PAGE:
Death in the Afternoon


By Sam Garfield 

Dec. 2, 1958

(Our Lady of Angels) –Twenty minutes. That’s all, just twenty minutes, and they’d be on their way home. Or hurrying to a friend’s house to listen to records and have a hot chocolate. Maybe stop off at the corner store to buy a comic book or pack of baseball cards.

But not on this afternoon. First, they heard occasional crackling sounds, like logs burning in a fireplace. The younger kids paid no attention. Then, the classrooms started to get hot. That old furnace again, the older kids thought. Soon everyone began to cough; their eyes stung. The smoke came in quietly at first; between the cracks in the blackboard; under the door. More smoke, thick and black, rolled in through open transoms. It was 2:40 in the afternoon, and the school, its students, its neighborhood, would never be the same.

The Three O’clock dismissal bell never rang yesterday at Our Lady of Angels. As Sisters of Charity nuns and lay teachers taught history, spelling and arithmetic to some 1,200 students, as parents in this close-knit, working class community waited for their children to return home, an angry, deadly monster came alive in a corner of the school, not far from the basement chapel. It moved quietly up the stairwell in the north wing, all the way to the second floor, where it sprang through an open door and flashed across heavily painted walls, varnished floors and a dusty, poorly ventilated crawl space above classroom ceilings. As an unaware neighborhood went about its afternoon in store shops and in tidy bungalows and apartments, its children fought for their lives in choking smoke and searing flames. Within minutes, the monster took the lives of 87 of our children and three nuns. Some died when they jumped from second-story windows; smoke inhalation killed many; others burned at their desks. Firemen found piles of small bodies fused together by the intense heat. A deathblow to families; a tragedy to a neighborhood; a crisis for a city.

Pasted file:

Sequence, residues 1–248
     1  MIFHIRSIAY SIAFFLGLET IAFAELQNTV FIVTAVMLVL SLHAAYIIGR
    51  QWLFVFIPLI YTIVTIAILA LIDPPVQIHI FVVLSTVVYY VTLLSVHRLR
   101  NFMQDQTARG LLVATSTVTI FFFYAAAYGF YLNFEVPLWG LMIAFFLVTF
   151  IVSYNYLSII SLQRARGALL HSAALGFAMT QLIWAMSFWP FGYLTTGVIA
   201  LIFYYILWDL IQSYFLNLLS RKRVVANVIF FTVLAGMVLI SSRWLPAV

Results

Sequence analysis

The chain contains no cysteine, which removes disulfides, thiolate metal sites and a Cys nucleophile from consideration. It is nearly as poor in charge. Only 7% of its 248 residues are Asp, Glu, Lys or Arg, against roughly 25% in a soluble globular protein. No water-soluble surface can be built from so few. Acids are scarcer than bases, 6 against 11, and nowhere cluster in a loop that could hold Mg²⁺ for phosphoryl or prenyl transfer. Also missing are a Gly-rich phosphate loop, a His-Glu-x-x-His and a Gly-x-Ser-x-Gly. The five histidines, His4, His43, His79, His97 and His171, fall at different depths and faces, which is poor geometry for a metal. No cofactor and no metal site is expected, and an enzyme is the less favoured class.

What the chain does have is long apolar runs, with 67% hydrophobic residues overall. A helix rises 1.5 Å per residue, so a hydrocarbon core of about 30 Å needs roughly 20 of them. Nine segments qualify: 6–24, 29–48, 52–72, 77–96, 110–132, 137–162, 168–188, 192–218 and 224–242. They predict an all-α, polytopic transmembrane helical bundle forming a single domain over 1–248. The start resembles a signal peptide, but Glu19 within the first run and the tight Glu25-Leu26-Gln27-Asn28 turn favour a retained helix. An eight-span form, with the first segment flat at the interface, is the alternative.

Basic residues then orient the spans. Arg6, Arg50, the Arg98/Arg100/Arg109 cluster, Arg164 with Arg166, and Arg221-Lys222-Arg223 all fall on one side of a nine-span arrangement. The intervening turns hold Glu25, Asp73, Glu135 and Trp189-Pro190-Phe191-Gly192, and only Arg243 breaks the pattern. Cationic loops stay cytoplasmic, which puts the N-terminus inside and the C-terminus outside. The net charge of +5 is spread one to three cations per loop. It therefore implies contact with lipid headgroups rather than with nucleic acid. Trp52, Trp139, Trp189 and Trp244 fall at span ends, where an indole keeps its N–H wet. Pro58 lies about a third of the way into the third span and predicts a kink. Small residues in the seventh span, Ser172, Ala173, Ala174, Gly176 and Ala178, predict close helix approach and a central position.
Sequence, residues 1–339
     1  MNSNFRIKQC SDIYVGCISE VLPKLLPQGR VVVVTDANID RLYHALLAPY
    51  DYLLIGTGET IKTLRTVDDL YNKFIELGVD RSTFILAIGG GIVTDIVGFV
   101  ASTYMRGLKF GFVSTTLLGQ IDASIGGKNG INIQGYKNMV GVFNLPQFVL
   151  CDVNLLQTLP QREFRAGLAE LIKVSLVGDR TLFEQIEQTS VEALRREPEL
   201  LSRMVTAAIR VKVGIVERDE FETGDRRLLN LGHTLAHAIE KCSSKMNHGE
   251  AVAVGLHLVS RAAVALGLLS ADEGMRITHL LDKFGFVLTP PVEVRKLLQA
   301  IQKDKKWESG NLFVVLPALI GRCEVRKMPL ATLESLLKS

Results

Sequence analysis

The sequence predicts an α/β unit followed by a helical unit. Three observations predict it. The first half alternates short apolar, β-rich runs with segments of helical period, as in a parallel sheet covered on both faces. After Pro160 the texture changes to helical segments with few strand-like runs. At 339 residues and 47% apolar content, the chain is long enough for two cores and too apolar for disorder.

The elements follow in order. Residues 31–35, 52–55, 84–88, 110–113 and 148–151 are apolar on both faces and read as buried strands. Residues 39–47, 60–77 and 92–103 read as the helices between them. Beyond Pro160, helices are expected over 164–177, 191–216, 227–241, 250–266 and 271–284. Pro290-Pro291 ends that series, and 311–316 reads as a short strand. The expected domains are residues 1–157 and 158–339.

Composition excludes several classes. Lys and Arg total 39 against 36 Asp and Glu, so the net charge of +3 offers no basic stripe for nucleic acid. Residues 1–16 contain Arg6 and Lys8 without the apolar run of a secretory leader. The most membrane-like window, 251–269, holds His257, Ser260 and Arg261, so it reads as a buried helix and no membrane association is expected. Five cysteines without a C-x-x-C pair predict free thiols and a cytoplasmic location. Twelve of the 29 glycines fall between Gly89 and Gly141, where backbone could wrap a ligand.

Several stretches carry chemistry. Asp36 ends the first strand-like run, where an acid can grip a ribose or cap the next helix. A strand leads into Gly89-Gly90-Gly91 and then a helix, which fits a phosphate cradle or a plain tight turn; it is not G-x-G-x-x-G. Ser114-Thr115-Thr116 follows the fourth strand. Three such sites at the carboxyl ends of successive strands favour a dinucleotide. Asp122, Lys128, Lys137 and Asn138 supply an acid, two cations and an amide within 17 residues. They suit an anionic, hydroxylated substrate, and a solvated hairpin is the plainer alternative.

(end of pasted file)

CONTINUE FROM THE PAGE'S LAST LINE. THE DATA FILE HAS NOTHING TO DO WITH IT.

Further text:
Our mayor, his face ashen white, watched the horror unfold, along with thousands of other fathers and mothers, aunts and uncles, friends and neighbors. “This place, this neighborhood, these people. None of this –none of us– will ever be the same again,” one man said.

This morning, as we begin to mourn, we also need to remember those brave men and women who mitigated the tragedy with their acts of bravery. Several nuns led children to safety and returned to the burning school several times to save more lives. One nun calmly gathered forty sixth and seventh graders in blinding smoke on the second floor and instructed them to crawl along the hallway floor. When some began to panic, she rolled them down the stairs to get them out quickly. Many neighborhood residents ran into the school before the fire department arrived and led children to safety. And, of course, the Blue Shirts of the Chicago Fire Department, who carried heavy ladders across streets and lawns to save panic-stricken kids. They will carry this day with them forever.

As you read this, many children remain in hospitals fighting for survival. They, too, need to be remembered. Their lives will never be the same.

Copyright © 2011. John Theodore — All Rights Reserved. Text may not be reproduced without permission.

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